6. A membranous excrescence, called pterygium, frequently appears upon the white part of the eye, and often spreads over the cornea, in such a manner as entirely to destroy vision. It is either occasioned by external injuries, or arises from a general disease of the whole system, as in the scrophula, or scurvy, etc.; but inflammation is always the immediate cause. In this, as in the preceding complaint, the patient should not tamper with the delicate organ of sight ; as, by one injudicious application, that sense may be lost, beyond the possibility of recovery.
7. The eye is sometimes enlarged by an accumulation of the aqueous humour ; which occasions a sensation of fulness in the eye-ball, gradually impedes the motions of the eye-lids, renders vision progressively more imperfect, till the unfortunate patient can at length only discriminate light from darkness. As the disorder increases, the hall of the eye becomes greatly enlarged, and the cornea begins to protrude ; so that, if a puncture be not made, the eye will burst, and discharge itself. In the early stages of this disease, the sight may perhaps be preserved by proper treat-ment ; but we earnestly exhort all patients, if they feel the value of their eyes, to avoid those pernicious nostrums, vended under the name of collyria, eye-waters, etc.
8. Inflammation of the eye. See Inflammation.
9. Blindness. See vol. i. p. 285.
11. Cataract. See Gutta Serena.
12. Short sight, though it cannot be strictly considered as a disorder of the eye, is nevertheless a serious evil. Those who are naturally near-sighted, are seldom relieved from that defect, till they attain a certain age, when that uncommon rotundity which occasions it, gradually decreases. In order to remedy this inconvenience, they have recourse to eye-glasses, which, on certain occasions, are of real utility} but instead of using both eyes at the same time, or at least alternately, they absurdly close one, while they view an object through the glass with the other ; by which means they can only in-spect it sideways ; a practice that deserves severe censure, inasmuch as the eye which is not exercised, must necessarily become useless.— See Spectacles.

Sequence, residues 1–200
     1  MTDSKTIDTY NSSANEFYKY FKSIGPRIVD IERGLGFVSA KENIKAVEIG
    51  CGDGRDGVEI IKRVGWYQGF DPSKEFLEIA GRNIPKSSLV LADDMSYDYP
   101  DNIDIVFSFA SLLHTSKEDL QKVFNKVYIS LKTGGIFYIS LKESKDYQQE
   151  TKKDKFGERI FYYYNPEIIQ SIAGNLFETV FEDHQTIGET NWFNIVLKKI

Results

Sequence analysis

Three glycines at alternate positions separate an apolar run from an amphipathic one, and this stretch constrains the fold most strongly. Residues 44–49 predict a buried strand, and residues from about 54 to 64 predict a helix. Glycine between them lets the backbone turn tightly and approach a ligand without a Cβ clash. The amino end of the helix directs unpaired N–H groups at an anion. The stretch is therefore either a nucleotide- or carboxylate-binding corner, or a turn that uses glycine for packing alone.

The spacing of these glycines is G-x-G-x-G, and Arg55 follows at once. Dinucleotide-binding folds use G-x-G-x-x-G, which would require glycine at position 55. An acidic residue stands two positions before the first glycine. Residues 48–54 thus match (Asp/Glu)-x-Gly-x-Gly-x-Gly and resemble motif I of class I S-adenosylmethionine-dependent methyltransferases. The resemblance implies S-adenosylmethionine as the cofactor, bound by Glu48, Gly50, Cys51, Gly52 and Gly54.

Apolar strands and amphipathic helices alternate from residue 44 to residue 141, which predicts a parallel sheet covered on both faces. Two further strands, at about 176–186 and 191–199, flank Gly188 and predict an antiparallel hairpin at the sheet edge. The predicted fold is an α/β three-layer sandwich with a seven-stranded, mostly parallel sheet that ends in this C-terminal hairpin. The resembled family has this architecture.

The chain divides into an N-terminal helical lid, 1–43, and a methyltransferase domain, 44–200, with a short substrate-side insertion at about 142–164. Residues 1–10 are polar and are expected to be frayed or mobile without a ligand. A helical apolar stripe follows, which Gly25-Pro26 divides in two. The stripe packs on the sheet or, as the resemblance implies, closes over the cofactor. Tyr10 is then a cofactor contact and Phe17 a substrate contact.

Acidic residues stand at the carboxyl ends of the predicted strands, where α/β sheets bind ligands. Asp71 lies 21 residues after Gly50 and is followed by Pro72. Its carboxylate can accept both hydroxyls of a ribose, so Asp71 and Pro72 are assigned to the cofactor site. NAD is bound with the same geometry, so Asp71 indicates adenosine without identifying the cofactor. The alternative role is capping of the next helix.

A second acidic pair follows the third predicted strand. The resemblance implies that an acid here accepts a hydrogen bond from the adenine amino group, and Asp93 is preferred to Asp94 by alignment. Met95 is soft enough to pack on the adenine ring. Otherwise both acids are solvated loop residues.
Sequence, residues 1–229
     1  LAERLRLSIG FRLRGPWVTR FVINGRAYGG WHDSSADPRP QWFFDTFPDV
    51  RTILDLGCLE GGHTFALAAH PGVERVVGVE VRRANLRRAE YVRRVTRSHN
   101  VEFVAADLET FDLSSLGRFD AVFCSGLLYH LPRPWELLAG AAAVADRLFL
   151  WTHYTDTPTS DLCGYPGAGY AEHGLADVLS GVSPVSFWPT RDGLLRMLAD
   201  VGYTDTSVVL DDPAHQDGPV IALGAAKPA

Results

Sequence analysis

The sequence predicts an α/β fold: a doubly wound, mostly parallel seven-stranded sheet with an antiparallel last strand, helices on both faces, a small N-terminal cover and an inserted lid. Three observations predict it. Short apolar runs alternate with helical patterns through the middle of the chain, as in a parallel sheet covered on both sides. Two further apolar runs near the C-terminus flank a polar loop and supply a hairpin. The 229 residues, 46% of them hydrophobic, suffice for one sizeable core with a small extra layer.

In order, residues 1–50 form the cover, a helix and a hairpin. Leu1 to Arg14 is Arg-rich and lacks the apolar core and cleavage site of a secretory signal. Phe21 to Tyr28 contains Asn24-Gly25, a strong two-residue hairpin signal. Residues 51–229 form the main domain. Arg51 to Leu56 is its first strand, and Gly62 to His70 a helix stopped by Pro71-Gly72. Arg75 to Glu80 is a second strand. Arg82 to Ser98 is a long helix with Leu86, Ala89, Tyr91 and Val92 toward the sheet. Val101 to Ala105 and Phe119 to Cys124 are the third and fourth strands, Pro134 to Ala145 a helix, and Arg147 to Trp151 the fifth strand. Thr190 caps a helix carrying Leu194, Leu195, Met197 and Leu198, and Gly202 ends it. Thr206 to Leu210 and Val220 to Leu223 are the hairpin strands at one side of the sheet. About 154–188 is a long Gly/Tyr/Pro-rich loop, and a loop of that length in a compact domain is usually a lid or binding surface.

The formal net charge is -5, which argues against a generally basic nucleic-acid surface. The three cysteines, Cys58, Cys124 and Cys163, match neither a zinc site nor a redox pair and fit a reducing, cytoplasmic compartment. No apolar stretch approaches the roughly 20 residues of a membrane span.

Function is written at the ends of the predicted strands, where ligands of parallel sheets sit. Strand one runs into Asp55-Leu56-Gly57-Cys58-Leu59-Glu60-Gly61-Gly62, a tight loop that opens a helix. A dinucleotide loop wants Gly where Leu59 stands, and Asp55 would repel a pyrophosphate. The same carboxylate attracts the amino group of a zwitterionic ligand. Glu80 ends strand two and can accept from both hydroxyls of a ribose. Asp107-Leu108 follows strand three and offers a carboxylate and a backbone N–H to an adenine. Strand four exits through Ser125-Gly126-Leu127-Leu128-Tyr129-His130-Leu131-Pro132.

These remarks are equally applicable to those persons who can distinguish objects only at a distance ; for eye-glasses to them also become necessary, to enable them to behold more minute objects with greater precision.
Weak eyes are chiefly occasioned by residing in confined situations : hence so many persons, living in towns, complain of this misfortune, which can only be attributed to the want of a pure atmosphere, as well as to the confined circle of vision : - the rays of light being reflected from smooth walls, which dazzle the eyes, cannot fail to injure those organs in a very material degree.
Those parents, consequently, who have a just regard for the health of their children, cannot testify it more effectually, than by exposing them daily and frequently to the bracing influence of the fresh air ; and, if it become necessary to confine them in nurseries, instead of selecting the smallest and lowest apartment, the loftiest and most airy should be appropriated to that purpose. For a similar reason, infants ought to spend a considerable part of their time near the windows, where distant objects may attract their attention ; a practice which is highly conducive to the improvement of sight.